The awarding of highway projects is expected to get a boost with the ministry of roads and highways clearing amendments to the model concession agreement...
The awarding of highway projects is expected to get a boost with the ministry of roads and highways clearing amendments to the model concession agreement (MCA) for projects bid out on build-operate-transfer (BOT) basis, says Crisil Research.
Under the amended MCA, premium payment starts only from the fourth year after the completion date compared with the first year previously. “That’s a significant relief to both developers and lenders because most projects end up with debt-service coverage ratio of less than 0.8-1.0 time in the first 3-4 years after completion date. Additionally, the government has enhanced the scope of revenue-shortfall loans to include projects where judicial pronouncements impact cash flows,” Crisil observed.
The ratings firm said that deemed termination of projects that do not progress even after a year of award gives greater clarity on the termination process. However, no penalties have been levied on the awarding authority in such cases, it observed. Almost half the projects awarded between 2011 and 2013 had to be terminated because of delays in land acquisition and other clearances.
Ajay Srinivasan, director, Crisil Research, said, “Lender confidence, which was severely damaged in the last few years, will revive with the change in the clause related to premium payment, and introduction of the clause on deemed termination. Further, doubling the cap on equity contribution by the NHAI will make more projects viable at a time when majority of the BOT projects being awarded are on a grant basis.”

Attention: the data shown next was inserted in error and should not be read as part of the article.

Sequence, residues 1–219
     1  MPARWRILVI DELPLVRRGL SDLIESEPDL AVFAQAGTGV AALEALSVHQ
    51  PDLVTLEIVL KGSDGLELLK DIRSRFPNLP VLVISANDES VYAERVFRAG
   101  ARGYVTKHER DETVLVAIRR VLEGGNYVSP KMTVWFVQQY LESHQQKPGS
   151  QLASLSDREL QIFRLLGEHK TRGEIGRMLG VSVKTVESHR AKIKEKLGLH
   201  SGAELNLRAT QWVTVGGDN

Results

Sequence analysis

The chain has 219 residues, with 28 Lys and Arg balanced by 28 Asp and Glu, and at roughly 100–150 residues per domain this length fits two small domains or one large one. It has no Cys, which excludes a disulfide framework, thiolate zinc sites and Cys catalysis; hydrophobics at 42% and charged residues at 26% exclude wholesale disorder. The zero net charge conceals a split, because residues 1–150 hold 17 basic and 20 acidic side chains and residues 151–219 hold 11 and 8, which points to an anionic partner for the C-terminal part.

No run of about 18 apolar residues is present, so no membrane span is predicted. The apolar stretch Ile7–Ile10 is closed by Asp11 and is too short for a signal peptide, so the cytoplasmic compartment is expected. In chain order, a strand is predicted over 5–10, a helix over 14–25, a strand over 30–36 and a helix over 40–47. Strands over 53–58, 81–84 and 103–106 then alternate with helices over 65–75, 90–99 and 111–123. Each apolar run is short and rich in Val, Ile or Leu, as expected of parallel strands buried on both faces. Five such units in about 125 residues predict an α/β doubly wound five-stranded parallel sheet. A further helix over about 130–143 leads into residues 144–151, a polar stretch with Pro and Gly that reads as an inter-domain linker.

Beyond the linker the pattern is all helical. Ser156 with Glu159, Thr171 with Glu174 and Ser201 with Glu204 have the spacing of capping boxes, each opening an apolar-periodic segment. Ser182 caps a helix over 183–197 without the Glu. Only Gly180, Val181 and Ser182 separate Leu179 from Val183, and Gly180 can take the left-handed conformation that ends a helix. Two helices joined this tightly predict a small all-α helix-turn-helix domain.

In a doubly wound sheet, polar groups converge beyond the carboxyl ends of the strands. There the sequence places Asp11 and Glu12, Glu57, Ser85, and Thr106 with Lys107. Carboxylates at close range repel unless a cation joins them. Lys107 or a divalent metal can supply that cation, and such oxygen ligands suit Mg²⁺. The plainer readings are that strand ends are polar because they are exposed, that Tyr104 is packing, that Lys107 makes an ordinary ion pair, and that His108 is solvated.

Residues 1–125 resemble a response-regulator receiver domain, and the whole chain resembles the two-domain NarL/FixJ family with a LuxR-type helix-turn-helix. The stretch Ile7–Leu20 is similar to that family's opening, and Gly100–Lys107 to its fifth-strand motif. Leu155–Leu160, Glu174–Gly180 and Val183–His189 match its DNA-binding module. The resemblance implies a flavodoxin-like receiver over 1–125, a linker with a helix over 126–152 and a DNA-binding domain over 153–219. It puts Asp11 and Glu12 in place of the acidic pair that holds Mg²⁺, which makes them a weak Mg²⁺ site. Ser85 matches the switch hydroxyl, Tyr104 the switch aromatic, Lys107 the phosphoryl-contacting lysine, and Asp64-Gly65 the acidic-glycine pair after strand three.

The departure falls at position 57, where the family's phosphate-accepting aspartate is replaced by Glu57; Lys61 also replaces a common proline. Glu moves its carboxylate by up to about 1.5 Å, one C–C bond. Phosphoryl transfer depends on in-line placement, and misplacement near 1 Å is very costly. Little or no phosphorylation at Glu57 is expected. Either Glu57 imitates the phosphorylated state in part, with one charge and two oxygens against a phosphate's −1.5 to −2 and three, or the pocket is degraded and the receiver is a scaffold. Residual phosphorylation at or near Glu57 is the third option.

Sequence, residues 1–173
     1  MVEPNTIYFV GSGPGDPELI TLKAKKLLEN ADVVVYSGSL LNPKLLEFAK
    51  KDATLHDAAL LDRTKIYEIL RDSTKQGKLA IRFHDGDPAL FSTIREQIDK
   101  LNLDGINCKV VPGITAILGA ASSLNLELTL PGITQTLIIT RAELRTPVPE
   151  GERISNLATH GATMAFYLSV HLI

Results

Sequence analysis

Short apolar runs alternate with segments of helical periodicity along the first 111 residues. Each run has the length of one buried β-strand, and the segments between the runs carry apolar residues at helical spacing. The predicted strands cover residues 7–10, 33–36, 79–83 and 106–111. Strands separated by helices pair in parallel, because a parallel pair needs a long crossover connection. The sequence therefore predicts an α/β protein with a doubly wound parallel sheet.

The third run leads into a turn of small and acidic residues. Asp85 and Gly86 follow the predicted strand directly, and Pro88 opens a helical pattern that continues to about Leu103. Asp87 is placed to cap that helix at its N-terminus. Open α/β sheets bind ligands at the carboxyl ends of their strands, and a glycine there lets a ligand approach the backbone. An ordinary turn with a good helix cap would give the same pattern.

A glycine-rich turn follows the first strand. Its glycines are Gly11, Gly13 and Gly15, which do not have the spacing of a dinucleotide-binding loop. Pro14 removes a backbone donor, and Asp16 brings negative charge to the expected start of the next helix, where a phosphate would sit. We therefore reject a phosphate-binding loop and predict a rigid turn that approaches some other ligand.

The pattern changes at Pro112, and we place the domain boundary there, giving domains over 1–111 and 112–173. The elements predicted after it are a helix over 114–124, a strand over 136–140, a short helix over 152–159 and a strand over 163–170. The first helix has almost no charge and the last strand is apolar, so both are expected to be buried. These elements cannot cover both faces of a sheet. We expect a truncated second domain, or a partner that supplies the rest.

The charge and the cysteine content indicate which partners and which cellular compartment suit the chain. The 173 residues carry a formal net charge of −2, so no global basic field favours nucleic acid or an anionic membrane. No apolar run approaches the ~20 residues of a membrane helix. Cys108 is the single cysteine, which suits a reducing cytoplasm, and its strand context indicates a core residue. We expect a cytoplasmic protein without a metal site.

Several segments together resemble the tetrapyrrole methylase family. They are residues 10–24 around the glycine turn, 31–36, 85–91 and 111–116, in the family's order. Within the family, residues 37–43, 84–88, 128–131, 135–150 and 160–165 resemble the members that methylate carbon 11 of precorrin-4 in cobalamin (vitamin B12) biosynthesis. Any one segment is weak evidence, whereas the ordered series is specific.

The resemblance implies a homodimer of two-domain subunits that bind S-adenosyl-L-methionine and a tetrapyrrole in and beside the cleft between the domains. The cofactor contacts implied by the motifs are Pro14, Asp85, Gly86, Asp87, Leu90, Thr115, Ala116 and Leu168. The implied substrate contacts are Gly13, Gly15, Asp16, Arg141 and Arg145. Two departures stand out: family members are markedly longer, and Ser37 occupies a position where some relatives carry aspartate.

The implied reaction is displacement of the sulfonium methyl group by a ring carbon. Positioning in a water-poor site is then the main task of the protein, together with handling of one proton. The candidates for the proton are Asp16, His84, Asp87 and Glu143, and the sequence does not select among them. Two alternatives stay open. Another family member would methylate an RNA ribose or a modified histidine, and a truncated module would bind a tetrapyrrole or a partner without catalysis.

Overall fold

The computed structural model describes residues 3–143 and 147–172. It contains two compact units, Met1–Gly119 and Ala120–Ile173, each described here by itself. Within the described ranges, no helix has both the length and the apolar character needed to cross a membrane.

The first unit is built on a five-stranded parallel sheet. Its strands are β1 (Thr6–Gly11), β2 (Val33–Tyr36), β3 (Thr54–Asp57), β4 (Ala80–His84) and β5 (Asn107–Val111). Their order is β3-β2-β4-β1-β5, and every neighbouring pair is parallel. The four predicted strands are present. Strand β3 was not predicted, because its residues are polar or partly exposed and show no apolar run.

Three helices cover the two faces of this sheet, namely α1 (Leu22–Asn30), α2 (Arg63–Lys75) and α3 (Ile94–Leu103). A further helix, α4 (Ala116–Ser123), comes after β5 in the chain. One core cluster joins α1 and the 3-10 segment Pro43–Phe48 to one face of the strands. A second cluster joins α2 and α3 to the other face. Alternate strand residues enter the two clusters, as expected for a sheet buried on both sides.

All these things scared off banks, with the result that lending growth to the sector more than halved in the past two years compared with the five years preceding, he added.
The inclusion of new clauses on real time data for toll collection and electronic toll collection will also increase transparency and lender comfort.
“The interest of users has also been protected because developers cannot increase toll rates prior to — or more than — what’s given in the official notification. Flouting will attract a steep penalty of up to 200% of toll fees. Also, if traffic is more than what the road is designed for, developers will have to spend on maintenance and augment capacity. It they don’t, another stiff penalty kicks in,” said Srinivasan.